David Bourget (Western Ontario)
David Chalmers (ANU, NYU)
Rafael De Clercq
Jack Alan Reynolds
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Politics, Philosophy and Economics 6 (1):5-43 (2007)
The publicity of a moral conception is a central idea in Kantian and contractarian moral theory. Publicity carries the idea of general acceptability of principles through to social relations. Without publicity of its moral principles, the intuitive attractiveness of the contractarian ideal seems diminished. For it means that moral principles cannot serve as principles of practical reasoning and justification among free and equal persons. This article discusses the role of the publicity assumption in Rawlss and Scanlons contractualism. I contend that a regard for publicity and a moral conceptions potential to provide a public basis for justification and agreement account for much of the evolution of Rawlss account of justice after A Theory of Justice . I also discuss whether contractualism can provide a basis for justification and general agreement under the social conditions that it endorses. I contend that it cannot, and conclude with a discussion showing why this should not be a problem for contractualism. Despite appearances, contractualism is a distinctive form of contractarianism, substantially different from Rawlss position and the social contract tradition out of which it evolved. Key Words: contractarianism contractualism John Rawls public justification T.M. Scanlon justice.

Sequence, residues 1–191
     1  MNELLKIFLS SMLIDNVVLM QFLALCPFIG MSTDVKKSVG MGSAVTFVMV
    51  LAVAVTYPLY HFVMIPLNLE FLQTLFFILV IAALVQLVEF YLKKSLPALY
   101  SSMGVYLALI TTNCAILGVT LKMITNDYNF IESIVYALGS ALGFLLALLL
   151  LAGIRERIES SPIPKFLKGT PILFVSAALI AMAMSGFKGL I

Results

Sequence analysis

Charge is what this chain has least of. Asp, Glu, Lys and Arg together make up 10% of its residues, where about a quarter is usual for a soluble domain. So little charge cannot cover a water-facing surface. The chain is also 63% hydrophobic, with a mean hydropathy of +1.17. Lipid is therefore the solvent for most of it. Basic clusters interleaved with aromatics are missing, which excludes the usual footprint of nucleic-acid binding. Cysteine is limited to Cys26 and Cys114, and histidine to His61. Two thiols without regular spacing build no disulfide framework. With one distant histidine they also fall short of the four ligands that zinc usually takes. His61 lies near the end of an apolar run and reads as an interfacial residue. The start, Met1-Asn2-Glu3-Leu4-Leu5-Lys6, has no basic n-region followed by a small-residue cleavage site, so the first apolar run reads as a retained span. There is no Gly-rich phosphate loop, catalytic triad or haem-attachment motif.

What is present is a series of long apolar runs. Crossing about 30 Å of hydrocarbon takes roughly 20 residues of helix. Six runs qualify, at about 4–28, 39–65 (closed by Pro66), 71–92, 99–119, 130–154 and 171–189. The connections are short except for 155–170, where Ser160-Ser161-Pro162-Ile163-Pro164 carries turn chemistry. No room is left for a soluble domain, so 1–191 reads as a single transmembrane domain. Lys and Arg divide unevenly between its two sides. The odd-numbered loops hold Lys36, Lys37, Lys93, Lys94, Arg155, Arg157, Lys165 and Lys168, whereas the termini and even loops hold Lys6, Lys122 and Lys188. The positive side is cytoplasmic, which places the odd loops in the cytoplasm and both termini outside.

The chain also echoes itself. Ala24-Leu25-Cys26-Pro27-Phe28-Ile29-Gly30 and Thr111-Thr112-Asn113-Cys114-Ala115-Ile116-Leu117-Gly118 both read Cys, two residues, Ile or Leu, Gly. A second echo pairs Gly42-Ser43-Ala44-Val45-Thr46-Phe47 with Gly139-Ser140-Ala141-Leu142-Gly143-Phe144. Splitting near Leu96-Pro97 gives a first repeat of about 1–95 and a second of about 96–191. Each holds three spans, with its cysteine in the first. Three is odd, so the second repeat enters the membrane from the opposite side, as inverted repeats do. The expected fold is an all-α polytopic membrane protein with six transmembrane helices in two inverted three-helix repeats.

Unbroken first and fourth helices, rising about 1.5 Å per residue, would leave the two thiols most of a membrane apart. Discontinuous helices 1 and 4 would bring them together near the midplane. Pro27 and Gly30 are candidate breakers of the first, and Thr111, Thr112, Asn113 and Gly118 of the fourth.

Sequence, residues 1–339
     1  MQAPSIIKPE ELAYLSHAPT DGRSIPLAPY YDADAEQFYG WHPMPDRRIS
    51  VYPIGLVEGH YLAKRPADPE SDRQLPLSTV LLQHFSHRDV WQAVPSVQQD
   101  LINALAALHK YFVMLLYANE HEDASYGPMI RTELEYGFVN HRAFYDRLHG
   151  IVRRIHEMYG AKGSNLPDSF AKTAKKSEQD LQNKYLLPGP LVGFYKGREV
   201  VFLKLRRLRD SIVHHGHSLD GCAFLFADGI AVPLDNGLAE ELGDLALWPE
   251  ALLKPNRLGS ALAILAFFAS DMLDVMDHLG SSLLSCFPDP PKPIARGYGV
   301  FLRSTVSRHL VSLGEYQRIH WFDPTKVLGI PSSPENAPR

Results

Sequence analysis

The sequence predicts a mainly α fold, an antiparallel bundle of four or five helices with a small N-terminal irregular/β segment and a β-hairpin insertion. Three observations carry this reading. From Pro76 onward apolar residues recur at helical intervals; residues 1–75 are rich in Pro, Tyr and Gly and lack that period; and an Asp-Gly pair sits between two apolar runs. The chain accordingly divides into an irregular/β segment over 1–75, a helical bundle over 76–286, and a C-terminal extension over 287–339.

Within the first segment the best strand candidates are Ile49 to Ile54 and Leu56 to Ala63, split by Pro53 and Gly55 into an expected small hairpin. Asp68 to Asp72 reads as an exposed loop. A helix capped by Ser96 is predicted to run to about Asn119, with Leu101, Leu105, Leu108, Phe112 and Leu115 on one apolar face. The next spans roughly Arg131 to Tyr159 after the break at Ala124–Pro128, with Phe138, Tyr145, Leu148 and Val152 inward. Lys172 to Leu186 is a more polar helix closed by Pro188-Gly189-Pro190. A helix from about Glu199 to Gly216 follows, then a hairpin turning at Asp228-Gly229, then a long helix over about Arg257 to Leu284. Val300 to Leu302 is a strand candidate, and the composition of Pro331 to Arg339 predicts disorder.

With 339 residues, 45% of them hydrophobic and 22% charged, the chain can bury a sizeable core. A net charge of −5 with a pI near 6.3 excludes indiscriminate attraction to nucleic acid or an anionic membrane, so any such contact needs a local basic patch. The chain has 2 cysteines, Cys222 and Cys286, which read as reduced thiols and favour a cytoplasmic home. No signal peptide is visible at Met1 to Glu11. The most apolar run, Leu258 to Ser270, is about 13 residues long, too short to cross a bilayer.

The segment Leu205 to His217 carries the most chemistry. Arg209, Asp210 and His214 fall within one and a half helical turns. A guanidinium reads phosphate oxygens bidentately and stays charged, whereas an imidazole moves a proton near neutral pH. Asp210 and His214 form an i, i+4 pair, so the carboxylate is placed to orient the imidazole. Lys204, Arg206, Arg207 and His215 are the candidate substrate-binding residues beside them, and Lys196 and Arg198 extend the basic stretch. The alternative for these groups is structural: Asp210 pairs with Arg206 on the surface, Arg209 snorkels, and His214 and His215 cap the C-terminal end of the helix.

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Robert Jubb (2011). Rawls and Rousseau: Amour-Propre and the Strains of Commitment. [REVIEW] Res Publica 17 (3):245-260.
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